1.The old man looked at the girl with a ____ smile. （friend）
2.Be ____ when you cross the streets. （care）
When Benjamin Franklin first went to France he was ____ （ability） to speak or understand a word of ____ （France）。One day he was at a ____ （dining） with many ____ （importance） men of France .There were several speeches ，and everybody applauded after each speech .Franklin did not understand a word of these speeches ，but he applauded like everybody else .After one of the speeches ， everybody ，including Franklin himself ，got up ，and applauded ____ （cheerful） and ____ （loud） .Then everybody began to ____ （laughter）。Franklin asked the man next to him ：“What are they laughing for ？”They are laughing at you ，“said the man .”In the last speech the ____（speaking） spoke about you. He said that France was ____ （pride） of you ；and that you were a very ____ （goodness） man and an excellent ambassador.“
答案（1）unable （2）French （3）dinner （4）important （5）cheerfully （6）loudly （7）laugh （8）speaker （9）proud （10）good
Semester seriously alive
Have time on one‘s hands
Get the most out of sth.
Run out （of）
1.It is like a drug. The more time you waste， the easier it is to go on wasting time.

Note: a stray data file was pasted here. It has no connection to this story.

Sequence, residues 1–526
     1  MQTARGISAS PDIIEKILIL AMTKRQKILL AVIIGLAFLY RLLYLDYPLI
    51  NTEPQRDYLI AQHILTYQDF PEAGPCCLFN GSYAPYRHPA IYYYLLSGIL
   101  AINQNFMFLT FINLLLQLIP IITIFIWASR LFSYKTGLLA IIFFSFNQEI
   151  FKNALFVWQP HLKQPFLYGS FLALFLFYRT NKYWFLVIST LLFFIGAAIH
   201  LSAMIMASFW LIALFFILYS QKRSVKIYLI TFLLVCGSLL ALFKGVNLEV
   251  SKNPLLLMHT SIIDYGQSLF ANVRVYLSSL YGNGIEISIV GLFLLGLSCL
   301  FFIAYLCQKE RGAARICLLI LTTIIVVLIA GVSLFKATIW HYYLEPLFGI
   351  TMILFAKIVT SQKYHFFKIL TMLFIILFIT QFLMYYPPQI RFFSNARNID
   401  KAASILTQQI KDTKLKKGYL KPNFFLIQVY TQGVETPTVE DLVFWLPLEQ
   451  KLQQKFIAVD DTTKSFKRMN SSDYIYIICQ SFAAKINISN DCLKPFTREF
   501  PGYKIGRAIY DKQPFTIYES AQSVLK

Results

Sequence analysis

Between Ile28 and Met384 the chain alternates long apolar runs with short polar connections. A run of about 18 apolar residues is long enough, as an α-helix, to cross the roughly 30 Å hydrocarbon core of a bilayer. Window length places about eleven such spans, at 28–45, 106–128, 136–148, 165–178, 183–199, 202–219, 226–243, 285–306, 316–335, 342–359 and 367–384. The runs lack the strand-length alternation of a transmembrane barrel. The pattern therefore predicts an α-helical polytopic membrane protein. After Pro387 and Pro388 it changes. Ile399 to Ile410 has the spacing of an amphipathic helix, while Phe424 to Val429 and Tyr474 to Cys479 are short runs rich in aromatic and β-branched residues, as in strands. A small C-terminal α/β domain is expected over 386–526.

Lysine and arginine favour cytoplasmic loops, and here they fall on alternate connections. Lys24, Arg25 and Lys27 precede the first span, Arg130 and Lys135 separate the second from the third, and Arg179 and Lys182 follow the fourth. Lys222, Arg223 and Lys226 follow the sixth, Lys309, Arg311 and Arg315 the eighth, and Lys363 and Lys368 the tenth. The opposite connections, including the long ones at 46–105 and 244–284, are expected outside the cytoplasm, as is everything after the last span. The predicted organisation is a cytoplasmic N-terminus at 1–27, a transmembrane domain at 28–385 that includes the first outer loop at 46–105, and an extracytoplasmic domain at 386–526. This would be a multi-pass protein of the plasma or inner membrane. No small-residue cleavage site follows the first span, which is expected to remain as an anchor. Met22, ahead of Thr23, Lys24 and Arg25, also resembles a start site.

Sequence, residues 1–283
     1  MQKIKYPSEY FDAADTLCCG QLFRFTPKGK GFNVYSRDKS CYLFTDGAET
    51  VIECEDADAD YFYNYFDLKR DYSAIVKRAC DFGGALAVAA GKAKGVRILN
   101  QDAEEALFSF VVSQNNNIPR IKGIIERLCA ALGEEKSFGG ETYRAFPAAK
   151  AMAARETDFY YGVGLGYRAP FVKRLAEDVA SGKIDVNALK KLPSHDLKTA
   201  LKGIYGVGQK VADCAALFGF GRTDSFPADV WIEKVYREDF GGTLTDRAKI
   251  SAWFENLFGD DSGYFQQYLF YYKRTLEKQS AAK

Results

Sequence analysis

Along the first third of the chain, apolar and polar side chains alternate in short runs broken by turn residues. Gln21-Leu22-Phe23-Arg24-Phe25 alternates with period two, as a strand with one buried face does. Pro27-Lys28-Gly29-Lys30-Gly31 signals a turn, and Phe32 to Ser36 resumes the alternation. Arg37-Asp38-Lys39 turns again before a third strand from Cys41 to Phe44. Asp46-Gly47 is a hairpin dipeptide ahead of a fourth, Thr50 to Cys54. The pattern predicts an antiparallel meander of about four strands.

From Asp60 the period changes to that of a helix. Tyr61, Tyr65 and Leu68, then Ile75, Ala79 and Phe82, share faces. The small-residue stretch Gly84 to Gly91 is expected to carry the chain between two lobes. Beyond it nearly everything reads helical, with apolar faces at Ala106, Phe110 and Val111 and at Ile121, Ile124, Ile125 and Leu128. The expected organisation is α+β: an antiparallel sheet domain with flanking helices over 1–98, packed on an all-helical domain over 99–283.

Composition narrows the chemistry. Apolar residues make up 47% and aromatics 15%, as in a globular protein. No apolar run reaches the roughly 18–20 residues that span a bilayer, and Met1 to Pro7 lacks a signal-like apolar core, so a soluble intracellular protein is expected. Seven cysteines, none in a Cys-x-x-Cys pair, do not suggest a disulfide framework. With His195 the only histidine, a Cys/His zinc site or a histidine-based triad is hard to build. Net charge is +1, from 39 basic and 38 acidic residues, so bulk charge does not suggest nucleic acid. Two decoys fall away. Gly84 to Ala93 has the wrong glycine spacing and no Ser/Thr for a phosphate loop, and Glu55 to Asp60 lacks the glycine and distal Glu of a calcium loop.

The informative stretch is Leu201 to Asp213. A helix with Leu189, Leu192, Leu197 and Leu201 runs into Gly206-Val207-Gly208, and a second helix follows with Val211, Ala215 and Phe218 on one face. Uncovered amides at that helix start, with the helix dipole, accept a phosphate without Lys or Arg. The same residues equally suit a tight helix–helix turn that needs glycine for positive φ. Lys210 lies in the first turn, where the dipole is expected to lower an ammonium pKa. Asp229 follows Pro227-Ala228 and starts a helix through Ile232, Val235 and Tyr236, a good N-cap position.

2.If you seriously wish to get the most out of college， you must put the time message into practice.
3.How much study time you plan for each classroom hour depends on four things.
4.This will not only keep the study habit alive but also keep you up to date on your class assignments.
5. It is a good day to catch up on back reading and other assignments.
back的用法（back rent back pay back taxes）
Poetry royal weaving tragedy finally
Ask a favour of sb.
Lend a helping hand to sb.
Pretend to do sth.
1. But the boy， pretending to sleep， understood every word.
2. There were almost as many tales in Denmark as there were people to tell them.
3. The genius of Andersen is that he put so much of everyday life into the wonder of his fairy tales.
4. One cold day the boy had stood looking at the white patterns formed on the window by the frost.
Gallop humor awkward court swan
Have a good view of
Make friends with sb.
Be full of
Feel/be at ease with sb.
1. But there was one bit fact that he could not see right under his own nose.
2. All of us laugh at the humor of The Emperor‘s New Clothes， but we remember the story every time men pretend to be something that they are not.
3. The greatest writers of the day， from Dickens to Victor Hugo， looked upon him as one of themselves.
4. Happiest of all was the day he returned to the “duck-yard，” nearly 50years after he had left it.